Firm Helps With Multiple Risks

    GRAND RAPIDS — You wouldn’t say Corporate Security Solutions (CSS) is exactly new to town.

    But until this time last year, it didn’t exist in its present form, either.

    July 1, 2003, was the date on which Chris Frain, of Grand Haven, and Andy Shaffer, a Lansing native, consolidated their four corporate security companies doing business from Cincinnati to Detroit, to Jackson, Lansing and Grand Rapids.

    The result was CSS.

    Frain, the first investor in the firm, is its president and Shaffer is vice-president.

    According to Shaffer, the company — headquartered at 1145 28th St. SE — has about 900 employees.

    “Our base business is uniformed security,” he said. “But we also have an investigative division and — as of Jan. 1 — we bought Alarm Medic and made it into our electronic systems division. That just about makes every building in town a potential client.”

    Last year’s consolidation also brought American Sensory Protection Services of Cincinnati under the CSS umbrella.

    Locally, the firm currently provides uniformed security for the city of Grand Rapids and for the Grand Rapids office of the state Family Independence Agency. Shaffer says the company also serves about 20 Grand Rapids area businesses, though for reasons of confidentiality he declined to identify them.

    He said that the company’s investigations division provides services for several local law firms, and also provides investigative and undercover work within other companies.

    He noted that the firm’s undercover people worked with West Michigan police in identifying a drug ring that was operating within an industrial plant.

    Shaffer told the Business Journal that beyond workplace substance abuse, the firm’s investigators also help corporations find the truth connected with allegations concerning theft, industrial espionage, civil litigation, embezzlement, sexual and racial harassment, workplace accidents, and fraud related to insurance or workers’ compensation claims.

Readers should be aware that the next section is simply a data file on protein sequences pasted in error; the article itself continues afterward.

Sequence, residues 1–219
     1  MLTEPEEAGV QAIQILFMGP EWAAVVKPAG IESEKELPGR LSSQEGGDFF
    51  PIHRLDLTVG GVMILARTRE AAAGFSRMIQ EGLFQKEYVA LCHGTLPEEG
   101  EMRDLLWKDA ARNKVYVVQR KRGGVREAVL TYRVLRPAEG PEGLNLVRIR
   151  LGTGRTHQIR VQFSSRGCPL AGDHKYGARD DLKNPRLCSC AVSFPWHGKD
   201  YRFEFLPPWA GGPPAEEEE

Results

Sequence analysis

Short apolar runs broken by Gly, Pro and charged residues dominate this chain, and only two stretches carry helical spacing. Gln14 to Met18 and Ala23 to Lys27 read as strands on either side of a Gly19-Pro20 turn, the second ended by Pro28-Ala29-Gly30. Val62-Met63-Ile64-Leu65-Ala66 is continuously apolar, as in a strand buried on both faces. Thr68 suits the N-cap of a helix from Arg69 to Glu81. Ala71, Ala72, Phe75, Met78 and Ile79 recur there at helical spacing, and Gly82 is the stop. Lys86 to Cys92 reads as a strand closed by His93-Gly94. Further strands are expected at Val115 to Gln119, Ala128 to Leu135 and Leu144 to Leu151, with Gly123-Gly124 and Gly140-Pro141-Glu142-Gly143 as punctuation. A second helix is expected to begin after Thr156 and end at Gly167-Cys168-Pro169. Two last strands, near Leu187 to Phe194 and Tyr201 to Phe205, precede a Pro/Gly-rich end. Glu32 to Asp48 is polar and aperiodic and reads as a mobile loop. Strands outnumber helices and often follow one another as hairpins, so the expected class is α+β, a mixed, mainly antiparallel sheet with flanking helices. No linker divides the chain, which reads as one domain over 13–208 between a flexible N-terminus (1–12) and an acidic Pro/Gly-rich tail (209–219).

Other areas in which the firm works are security systems ranging from alarms, to surveillance by closed-circuit TV, to secure area access control.

    Too, he indicated that CSS has a training component that can bring veterans of police agencies and military agencies to the head of the classroom.

    He said CSS can provide instructors for classes of two to 50 members in anything from self-defense and firearms to security patrolling and explosives recognition.

    Training modules also are available in specialized areas such as VIP protection, crowd surveillance and crowd control. In terms of crowd control, CSS provided not only the training, but also some of the security people who helped keep the peace during a bitter labor dispute in another part of the state.

    Shaffer stressed that while CSS has grown and changed, it has done so in tandem with the industry, thanks in part to 9-11.

    “Right after 9-11 there was a huge demand for increased security,” he said.

    In fact, when aviation resumed in the wake of the attack, he noted, the FAA tightened airport security requirements so stringently that one international airport couldn’t find enough people with the requisite training.

    He said CSS was called in to fill the staffing gap.

    “Since then, things have settled down,” Shaffer said. “People are a little more at ease.” “But what 9-11 has done is force every company to look at their own program. People expect a higher level of service now.”

    What that means, he said, is that most American firms nowadays just aren’t willing and, in terms of insurance coverage, can’t afford to trust their physical plant to the services of a night watchman.

    “It’s just that it’s no longer acceptable to have someone who’s there only to check for leaks and rattle the doorknobs,’ he said.

    “I’m not knocking retirees,” he cautioned. “Some of them do very good work and are highly qualified. But it’s the qualifications that count.

    “Nowadays, you need somebody that’s capable of responding to an emergency and who’s well-trained.”

    He concedes that his firm’s name isn’t exactly on everyone’s lips because most of the principals’ energies have gone in the past few years to acquisitions and consolidation of gains.

    “Now people are going to be hearing more about us,” he said.

    Shaffer said the firm’s goal is “to become a strong player in the regional security game and then eventually more of a national-type player.

    “We want to work with larger businesses — Fortune 500 and Fortune 1000 companies — and see how far they take us.”     

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